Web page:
• 37. City & County of Honolulu, Hawai’i Financial Plan for Entry Into Preliminary Engineering4 CONCLUSIONS demonstrate the City’s financial capacity to undertake the Project without having to rely on any sources of fundsWhile the financial magnitude of the fixed guideway other than GET and Federal revenues.Project is unprecedented in Honolulu, the Financial Planpresented above clearly demonstrates that the City has Key Funding Aspect #3: Well-Advanced Designthe capacity to undertake the Project and continue Relative to Contingency Levelsoperating and upgrading the rest of the publictransportation system. Based on the baseline On the operating side, the City’s strategy adequatelyassumptions described in the foregoing analysis, the funds not only the implementation and ongoingCapital and Operating plans are both balanced, with operations of fixed guideway service, but also asufficient funding to meet annual capital and operating substantial underlying and feeder bus system. Pastneeds for the Project and the public transportation experience locally suggests that the frequency andsystem as a whole. Beyond the assumptions included in magnitude of fare increases included in the financial planthe baseline financial plan, several other factors further over the analysis period is in line with historical data inreinforce both the City’s commitment to the Project and Honolulu. Moreover, these fare increases are expected totheir ability to adequately fund it, even under less allow operating revenues to keep pace with risingfavorable scenarios. operating costs resulting from the implementation of the Project as well as general inflation.The strength of the Capital Plan is illustrated by the factthat the major source of funding is a local tax surcharge This is further reflected in the fact that the share of thesolely dedicated to the implementation of the fixed City’s operating budget going to transit is only expectedguideway Project. In addition, the low New Starts to increase from a historical average of 11% to 13.8%,funding share of 30% is in line with the percentage which is still 1% lower than the 14.8% experienced inauthorized under the Intermodal Surface Transportation 2001. Furthermore, it is important to note that the City’sEfficiency Act in the early 1990s, thereby showing no budget sometimes fluctuates in any given fiscal year bysignificant increase in the amount of New Starts more than one or two percentage points.requested in real terms. Key Funding Aspect #4: Level of City Subsidy isKey Funding Aspect #1: 30% New Starts Share Consistent With Historical Levels Even With the Introduction of RailThe underlying characteristics and assumptions aroundthe local GET surcharge are also of critical importance. The Federal grants and formula funds used for ongoingThe breadth of the GET tax base compared to a typical capital needs and preventive maintenance also assumesales tax is a strong benefit for the City, especially as the no significant increase from one authorization Bill to theeconomy comes out of the current recession and moves next, even though historical data has shown sizabletowards recovery. Additionally, many fundamental increases in authorization levels for programs such asunderlying assumptions, such as assuming that none of FTA Sec. 5307 formula funds. Furthermore, the recentthe early uncollected GET surcharge revenues would be trend at the federal level is to make available higherrecovered by the State, are conservative. More levels of funding for public transportation services.importantly, the analysis assumes that the next two Key Funding Aspect #5: No Expansionary Growthyears would continue to exhibit negative or limited in the Size of Federal Formula Programsgrowth in the overall GET tax base, which may prove tobe a pessimistic assumption, especially if the local and While a number of uncertainties remain, the followingnational economic recovery is stronger than anticipated. risks and uncertainty section further detail that additional sources of funds, not assumed in the baseline CapitalKey Funding Aspect #2: Conservative Economic Plan, are likely to provide sufficient additional funding toRecovery Projections support cost increases or funding shortfalls on the orderFrom a capital cost standpoint, it is also important to of 10 percent. These assumptions all contribute to thenote that, although the Project has already gone through robustness of the City’s plan at this point in the planningan advanced stage of conceptual engineering, the capital process, and the Financial Plan will continue evolve andcost estimate includes a sizeable contingency amount. be flexible to changing conditions, both at the ProjectThe level of design work already completed reasonably and local level as well as nationally and globally acrossexceeds the efforts typically done in advance of entering the financial markets, as the Project moves along thePE. In keeping with FTA guidelines, the contingency development process and key drivers of costs andfactors have not yet been lowered to reflect advanced revenues are refined.engineering efforts. Despite these assumptions, the Key Funding Aspect #6: Flexible Financial PlanProject’s sources and uses lead to a positive cash balance Continually Being Updated and Adjustedat the end of the Project’s implementation period andHonolulu High-Capacity Transit Corridor Project 1 May 2009 Page 4-1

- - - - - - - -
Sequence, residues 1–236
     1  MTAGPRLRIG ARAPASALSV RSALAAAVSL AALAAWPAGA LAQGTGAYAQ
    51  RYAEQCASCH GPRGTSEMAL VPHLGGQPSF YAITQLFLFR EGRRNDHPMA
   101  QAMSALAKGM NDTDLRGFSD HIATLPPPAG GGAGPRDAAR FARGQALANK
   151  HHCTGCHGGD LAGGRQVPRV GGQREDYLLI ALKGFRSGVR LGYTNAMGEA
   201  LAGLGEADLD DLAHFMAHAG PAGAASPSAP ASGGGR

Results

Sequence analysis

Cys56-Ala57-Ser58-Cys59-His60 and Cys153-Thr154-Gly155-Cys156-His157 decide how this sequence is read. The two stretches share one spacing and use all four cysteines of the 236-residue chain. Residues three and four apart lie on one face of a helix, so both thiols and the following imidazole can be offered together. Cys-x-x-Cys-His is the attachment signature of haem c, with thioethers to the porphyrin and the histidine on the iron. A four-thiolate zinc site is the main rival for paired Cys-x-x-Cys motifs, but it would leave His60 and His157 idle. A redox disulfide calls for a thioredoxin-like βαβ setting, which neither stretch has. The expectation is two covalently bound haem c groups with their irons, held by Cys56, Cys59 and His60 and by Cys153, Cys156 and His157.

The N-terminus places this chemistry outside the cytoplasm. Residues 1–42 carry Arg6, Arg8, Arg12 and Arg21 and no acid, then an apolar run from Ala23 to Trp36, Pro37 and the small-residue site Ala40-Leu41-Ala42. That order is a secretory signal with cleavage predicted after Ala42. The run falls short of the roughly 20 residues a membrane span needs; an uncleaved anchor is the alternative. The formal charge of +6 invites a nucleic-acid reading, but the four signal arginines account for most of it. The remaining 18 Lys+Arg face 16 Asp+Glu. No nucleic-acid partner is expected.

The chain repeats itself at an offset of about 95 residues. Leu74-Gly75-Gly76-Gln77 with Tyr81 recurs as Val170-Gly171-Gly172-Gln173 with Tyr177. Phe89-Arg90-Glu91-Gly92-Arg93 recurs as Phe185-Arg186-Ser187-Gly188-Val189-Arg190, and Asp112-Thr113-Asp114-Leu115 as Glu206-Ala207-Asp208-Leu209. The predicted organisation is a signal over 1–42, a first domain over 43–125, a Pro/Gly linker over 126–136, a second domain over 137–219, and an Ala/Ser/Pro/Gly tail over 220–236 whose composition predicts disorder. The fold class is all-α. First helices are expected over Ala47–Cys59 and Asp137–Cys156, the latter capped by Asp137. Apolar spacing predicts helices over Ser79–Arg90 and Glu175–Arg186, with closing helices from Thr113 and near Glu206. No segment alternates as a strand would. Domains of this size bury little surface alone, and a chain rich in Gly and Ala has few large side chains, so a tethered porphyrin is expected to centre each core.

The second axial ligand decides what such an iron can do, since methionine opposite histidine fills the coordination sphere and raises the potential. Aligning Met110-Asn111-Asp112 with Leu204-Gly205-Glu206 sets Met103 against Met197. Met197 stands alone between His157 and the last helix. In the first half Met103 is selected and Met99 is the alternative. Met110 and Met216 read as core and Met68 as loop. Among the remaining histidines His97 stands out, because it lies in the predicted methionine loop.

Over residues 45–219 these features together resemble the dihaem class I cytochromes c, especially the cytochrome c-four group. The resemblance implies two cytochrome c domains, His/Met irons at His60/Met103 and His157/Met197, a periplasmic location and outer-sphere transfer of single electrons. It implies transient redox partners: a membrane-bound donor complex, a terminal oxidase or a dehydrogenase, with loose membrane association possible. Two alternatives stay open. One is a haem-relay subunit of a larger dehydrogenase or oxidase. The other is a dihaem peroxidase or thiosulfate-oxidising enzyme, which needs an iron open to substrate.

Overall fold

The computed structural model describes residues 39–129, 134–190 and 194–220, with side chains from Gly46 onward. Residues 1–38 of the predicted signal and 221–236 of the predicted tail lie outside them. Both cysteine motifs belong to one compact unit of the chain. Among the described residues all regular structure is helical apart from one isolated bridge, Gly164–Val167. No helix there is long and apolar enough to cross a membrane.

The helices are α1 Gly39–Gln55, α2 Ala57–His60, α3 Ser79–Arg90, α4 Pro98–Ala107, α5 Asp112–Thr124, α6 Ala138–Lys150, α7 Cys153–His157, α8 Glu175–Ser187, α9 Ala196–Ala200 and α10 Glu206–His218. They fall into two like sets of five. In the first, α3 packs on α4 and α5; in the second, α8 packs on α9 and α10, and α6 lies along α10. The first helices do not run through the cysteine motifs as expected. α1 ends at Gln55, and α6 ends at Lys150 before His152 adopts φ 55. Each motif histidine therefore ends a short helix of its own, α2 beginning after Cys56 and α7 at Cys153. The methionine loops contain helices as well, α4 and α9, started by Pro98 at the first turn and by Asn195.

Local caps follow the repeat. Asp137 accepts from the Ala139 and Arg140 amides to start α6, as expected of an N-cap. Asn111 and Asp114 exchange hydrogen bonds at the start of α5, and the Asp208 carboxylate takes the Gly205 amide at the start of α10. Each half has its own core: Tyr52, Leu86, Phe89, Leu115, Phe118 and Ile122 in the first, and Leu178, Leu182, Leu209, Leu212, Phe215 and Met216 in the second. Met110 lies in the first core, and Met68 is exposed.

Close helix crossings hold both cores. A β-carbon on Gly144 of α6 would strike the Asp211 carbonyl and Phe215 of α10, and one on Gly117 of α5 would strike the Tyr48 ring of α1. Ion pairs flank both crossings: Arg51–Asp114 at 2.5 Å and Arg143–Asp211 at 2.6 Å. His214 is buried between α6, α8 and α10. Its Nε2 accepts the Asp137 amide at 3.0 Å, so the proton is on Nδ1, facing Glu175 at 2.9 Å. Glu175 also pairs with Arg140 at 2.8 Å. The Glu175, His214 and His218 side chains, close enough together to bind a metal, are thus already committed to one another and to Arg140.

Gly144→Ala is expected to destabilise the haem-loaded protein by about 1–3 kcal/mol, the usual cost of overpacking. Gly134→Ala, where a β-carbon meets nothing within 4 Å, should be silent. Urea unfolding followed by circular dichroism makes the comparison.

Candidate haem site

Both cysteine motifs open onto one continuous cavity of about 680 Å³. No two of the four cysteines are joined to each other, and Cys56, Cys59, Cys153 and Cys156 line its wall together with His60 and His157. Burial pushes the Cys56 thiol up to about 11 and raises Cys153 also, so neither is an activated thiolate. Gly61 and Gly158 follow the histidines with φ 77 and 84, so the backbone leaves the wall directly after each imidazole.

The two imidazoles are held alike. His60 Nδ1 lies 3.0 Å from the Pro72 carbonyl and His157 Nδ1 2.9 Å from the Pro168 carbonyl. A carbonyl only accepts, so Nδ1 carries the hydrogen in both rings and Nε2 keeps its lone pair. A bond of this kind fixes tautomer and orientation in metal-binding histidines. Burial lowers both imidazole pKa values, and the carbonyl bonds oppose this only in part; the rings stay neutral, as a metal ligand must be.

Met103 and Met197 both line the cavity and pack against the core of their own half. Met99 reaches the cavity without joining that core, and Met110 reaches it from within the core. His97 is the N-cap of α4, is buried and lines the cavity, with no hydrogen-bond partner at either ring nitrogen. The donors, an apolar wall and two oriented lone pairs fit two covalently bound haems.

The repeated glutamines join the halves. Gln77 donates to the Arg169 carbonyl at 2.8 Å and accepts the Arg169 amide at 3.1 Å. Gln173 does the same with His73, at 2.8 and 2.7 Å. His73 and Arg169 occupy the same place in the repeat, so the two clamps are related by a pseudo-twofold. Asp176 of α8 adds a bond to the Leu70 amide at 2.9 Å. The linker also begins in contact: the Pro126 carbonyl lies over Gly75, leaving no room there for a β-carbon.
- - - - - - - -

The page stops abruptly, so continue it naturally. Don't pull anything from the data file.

• 38. City & County of Honolulu, Hawai’i Financial Plan for Entry Into Preliminary Engineering5 CASH FLOW RISKS & UNCERTAINITIES processes, equipment malfunctions, and construction delays. As a project becomes more complex, tasksThe foregoing analysis presented the Financial Plan with become larger and they often have more dependencies.baseline assumptions for revenues and costs. This Every task’s duration is dependent on factors that canchapter discusses the risks and uncertainties around be out of a project manager’s control.many of the key assumptions. The cost of the rail cars needed for opening of theCAPITAL PLAN Project is currently assumed to be incurred over 5 yearsCAPITAL COST between 2011 and 2015. A modification in the deliveryInflation schedule could delay certain costs and reduce theInflation is applied to both costs and revenues. Project maintenance and storage costs for the years in whichconstruction costs have been escalated using individual railcars are not operated.cost component rates which vary according to demand The choice between different procurement mechanismsand supply at a global, regional, and local level, as well may have an impact on the phasing of the Project asas the overall local economic environment. well as the timing of capital outlays. Some efficienciesIn general, commodity prices tend to be more sensitive may be gained from using an innovative procurementto global economic pressures. This has been evidenced approach such as design build or design build operatein the past few months, as some construction cost maintain. Depending on the general approach that thecomponents have been more volatile than others. In City decides to pursue, this procurement method couldparticular, steel has fallen quickly in the last two change at various milestones throughout the projectquarters resulting in lower escalation rates in the earlier Rail Project Scopeyears of the forecast period. Most projects, especially large infrastructure projectsThe recent stimulus bill is anticipated to fuel such as this one, have uncertainties associated with theconstruction and therefore domestic steel demand over definition of the project. At this stage of projectFY2012 and 2013. If the impacts are greater than planning, there can be numerous decisions and projectanticipated and lead to increases in escalation in years refinements that will be made later in projectwhere project CapEx steel spending is highest, project development. While certain fixed guideway transitcosts would be higher than anticipated. On the other technologies and station locations have been assumed,hand the economic recovery could be slower than these assumptions will be revisited and confirmed orexpected, leading to reduced steel prices for a longer modified during PE and Final Design. Scope changesperiod of time. may also result from the following:Similarly, commodity components (concrete and other • Physical barriers, such as unexpected utility locationsmaterials) may be subject to similar fluctuations in or field conditionsprices and could have similar impact on project cost. • Environmental impacts and mitigation measuresRight of Way costs are closely related to property • Community involvementvalues, which have recently experienced a downturn.This downturn, is expected to continue through FY2011; • Changes in political leadershiphowever, the degree of the recovery is uncertain and • Budget constraints that lead to scope reductionscould result in higher-than-expected project costs. Interest Rates, Municipal Market UncertaintiesThe majority of labor contracts are due to be As in any capital project requiring the issuance of debt,renegotiated in FY2013 and FY2018 at which point labor the Project is subject to uncertainty around fluctuationsprices could increase or decrease based on the in interest rates. Variations in interest rates could affectavailability of labor or the level of construction activity. the interest earnings rate on cash balances and theFurthermore, the escalation rates for labor may be interest paid on any outstanding debt, as well as thesomewhat different if a project labor agreement is size of the debt requirements to finance the project.signed for the project which would lock in labor Variations in interest rates could also influence the levelcontracts throughout the project. of working capital and the ability to both operateRail Project Schedule existing service and undertake new initiatives.Scheduling delays, the availability of skilled labor, Fluctuations in interest rates are influenced by a numbervehicle delivery, and unforeseen construction challenges of factors, including the credit rating of the bond issuercan all lead to cost increases that may challenge the (the City) and also by external factors that are notFinancial Plan for a project. Schedule changes might directly under the control of the City, such as marketresult from project changes, local decision-making risks. On the general market side, the global financialHonolulu High-Capacity Transit Corridor Project 1 May 2009 Page 5-1